ER: The best kind of social media marketing for pop stars are those whose social media accounts that are run by the artists themselves, as it gives people an immediacy with their fans. Boy George’s Twitter account is very good, as is Madonna’s use of Instagram (which is linked to her Twitter account).
As for the ones that could do better, I suspect it is those accounts that are run by an artist’s or group’s management as it ends up being a very sterile form of engagement. Both the Pet Shop Boys’ and Human League’s accounts are obviously run on this basis and they are less satisfying as a result.
NL: Your music is very much influence by the golden age of 80s electro-pop; have you interacted with any acts of that era to promote your music?
I am very fortunate, however, to have had online public support from various celebrities who I have worked with during the course of my career in TV, for which I am grateful.
Edward’s current single, “All For You”
NL: That era of pop was characterised by a sense of daring and DIY outrage; do you think acts like Frankie Goes To Hollywood or Soft Cell would have survived as long in the age of the ‘Twitter Storm’?
ER: Good question! I think that would have depended on the intelligence and skill of the artists in question. Some people are just not suited to fame or are not offered the support that is needed once they get public exposure (such as James Arthur), but others can deal with it fine.
To tackle the question from a different angle, I think those acts that you have mentioned would have lost a lot of their mystique if they were tweeting or posting on a very regular basis [if social media had been available to them], and that would have been to their detriment.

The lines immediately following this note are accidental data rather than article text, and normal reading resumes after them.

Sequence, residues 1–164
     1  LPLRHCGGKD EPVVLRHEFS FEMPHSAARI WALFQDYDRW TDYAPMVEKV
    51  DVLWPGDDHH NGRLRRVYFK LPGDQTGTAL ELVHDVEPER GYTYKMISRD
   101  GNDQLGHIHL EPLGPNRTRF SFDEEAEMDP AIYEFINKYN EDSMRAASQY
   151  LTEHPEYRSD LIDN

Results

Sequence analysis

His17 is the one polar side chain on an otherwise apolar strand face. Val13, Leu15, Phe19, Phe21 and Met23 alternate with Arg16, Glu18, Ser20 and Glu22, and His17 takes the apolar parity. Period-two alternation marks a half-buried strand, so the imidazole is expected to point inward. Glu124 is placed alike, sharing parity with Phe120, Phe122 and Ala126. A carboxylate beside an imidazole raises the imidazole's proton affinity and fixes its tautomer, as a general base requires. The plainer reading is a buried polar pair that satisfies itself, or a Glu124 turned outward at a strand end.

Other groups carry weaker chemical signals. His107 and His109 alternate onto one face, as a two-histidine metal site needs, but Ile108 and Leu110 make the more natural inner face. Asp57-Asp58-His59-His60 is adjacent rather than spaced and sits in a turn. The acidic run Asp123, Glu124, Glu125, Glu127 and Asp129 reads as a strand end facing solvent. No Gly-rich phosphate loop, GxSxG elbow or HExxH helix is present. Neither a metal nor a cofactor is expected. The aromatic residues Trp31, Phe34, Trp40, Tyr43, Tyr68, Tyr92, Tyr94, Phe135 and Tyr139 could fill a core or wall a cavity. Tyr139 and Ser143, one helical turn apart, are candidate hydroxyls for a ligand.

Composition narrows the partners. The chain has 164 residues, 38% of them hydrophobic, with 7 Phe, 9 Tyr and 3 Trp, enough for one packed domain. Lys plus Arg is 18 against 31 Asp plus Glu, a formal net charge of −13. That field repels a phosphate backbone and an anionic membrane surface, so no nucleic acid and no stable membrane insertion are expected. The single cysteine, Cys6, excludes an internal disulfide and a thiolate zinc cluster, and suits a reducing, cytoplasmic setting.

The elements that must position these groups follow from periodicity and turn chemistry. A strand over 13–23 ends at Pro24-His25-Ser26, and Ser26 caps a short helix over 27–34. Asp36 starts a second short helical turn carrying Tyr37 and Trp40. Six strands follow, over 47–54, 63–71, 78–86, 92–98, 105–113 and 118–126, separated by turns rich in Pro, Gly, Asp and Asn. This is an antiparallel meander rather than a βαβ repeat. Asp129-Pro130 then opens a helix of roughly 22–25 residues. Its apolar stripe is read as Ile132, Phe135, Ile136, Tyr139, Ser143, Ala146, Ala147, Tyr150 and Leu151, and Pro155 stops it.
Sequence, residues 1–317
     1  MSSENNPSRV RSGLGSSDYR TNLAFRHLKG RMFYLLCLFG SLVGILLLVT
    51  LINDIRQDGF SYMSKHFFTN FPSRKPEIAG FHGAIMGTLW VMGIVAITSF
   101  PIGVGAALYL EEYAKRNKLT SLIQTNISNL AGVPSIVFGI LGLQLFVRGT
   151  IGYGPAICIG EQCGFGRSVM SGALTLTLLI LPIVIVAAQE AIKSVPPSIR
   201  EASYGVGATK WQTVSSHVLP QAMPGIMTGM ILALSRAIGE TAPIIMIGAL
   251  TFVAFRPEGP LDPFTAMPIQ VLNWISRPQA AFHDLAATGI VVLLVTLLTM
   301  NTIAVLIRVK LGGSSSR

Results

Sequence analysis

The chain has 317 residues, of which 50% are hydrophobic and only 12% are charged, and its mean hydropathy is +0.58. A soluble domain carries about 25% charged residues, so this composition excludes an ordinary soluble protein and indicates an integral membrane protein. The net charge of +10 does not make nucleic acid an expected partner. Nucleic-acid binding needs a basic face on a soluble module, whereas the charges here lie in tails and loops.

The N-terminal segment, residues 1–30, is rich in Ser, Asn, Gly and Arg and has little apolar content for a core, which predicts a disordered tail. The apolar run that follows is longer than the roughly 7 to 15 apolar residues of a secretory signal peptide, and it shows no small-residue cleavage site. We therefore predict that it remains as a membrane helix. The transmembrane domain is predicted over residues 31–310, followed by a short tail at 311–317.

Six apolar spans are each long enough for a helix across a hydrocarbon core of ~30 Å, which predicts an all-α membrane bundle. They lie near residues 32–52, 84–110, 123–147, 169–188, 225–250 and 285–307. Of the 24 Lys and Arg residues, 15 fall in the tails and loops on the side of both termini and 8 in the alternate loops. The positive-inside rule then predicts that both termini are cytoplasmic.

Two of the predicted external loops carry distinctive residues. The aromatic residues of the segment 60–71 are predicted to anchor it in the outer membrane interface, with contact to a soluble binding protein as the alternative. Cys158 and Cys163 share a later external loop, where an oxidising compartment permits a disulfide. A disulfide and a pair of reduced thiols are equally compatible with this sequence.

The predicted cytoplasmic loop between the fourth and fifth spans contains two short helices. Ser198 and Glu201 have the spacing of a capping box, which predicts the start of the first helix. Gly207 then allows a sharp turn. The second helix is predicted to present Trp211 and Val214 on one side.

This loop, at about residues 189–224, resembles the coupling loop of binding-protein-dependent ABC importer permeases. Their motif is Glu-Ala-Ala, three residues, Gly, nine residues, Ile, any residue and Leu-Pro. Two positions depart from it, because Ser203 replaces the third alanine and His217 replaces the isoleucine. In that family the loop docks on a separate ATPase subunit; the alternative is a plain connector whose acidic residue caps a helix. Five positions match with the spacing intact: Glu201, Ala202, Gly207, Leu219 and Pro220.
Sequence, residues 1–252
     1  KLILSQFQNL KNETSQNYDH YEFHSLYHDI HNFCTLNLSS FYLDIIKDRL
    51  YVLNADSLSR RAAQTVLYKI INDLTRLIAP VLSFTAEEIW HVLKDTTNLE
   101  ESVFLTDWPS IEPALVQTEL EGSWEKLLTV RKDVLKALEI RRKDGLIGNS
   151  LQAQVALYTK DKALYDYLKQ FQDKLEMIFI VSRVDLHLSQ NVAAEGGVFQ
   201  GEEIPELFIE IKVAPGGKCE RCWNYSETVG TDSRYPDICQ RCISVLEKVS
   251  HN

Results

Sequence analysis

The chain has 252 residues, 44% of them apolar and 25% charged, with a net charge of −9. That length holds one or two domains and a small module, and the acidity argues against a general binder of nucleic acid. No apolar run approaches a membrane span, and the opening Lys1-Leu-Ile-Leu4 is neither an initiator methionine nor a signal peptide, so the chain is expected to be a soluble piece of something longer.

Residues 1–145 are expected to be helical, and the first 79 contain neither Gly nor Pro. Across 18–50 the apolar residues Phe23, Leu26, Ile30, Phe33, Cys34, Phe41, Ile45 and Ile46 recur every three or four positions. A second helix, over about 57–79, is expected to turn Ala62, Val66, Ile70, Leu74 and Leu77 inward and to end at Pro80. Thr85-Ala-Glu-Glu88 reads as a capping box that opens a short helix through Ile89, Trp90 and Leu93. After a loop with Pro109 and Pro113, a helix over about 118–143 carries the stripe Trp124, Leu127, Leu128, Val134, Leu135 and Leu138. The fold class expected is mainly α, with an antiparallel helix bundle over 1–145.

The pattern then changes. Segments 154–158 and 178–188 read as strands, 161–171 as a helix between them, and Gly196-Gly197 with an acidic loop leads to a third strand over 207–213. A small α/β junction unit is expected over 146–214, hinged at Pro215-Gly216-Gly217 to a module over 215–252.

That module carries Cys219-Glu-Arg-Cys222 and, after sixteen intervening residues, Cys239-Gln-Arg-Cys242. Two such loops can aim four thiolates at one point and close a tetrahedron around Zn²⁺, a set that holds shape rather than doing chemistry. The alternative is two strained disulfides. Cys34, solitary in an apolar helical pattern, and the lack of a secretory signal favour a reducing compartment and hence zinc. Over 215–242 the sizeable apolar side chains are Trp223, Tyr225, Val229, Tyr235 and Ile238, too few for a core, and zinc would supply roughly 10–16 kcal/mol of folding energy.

NL: Are there any new social media platforms that you are looking forward to experimenting with to promote your music?
NL: Do you do any e-mail marketing or are your campaigns purely based on social networks?
ER: No, I don’t engage in e-mail marketing. Personally I view e-mail marketing for my own purposes to be problematic, as I don’t want to end up ‘spamming’ people.
I am much more comfortable with the voluntary engagement you get through marketing yourself on networks such as Facebook and Twitter.
NL: What elements of traditional, offline marketing do you still use to promote your music?
ER: Mainly live gigs around Cardiff and elsewhere. I am also looking to getting radio spots on local stations, which I think would be very useful in getting my music a larger audience.
NL: Currently, there seems to be a great expectation on musicians to give away tracks for free through downloads or streaming services. Is it is possible for relatively new artists like yourself to make money from your music or is it primarily a calling or passion that has to be subsidised by other mean?
ER: It is a problem.
On one hand it is easier to get my music in front of people but on the other it is hard to make money from it, certainly money on which you could live off. I would only get 2p if someone listened to my new album on Spotify rather than £5 or so I would get if they had bought it off iTunes.
For me, my music is primarily a passion and a hobby so this isn’t currently too much of an issue for me, although I would be delighted if my music was profitable in itself, especially as that would indicate that it was becoming more popular and more widely heard.
NL: If you were starting out today, what would you have done differently in regards to your marketing?
ER: I would have focused more on video from the outset; as I have already mentioned, I believe people to be primarily visual people and I think having a serviceable video makes people pay more attention to a new track than if you just uploaded it to Soundcloud.
NL: Has social media helped create a Cardiff music scene?
ER: Yes it has, and we are all very supportive of each other. What’s holding back the music scene here in Cardiff is a lack of mid-sized venues.
You either have bars or pubs to play in or you have the Motorpoint Arena and the Millennium Stadium; there’s nothing in-between, and that affects the type of act that the city can attract as well as being limiting to Cardiff acts whose popularity is growing.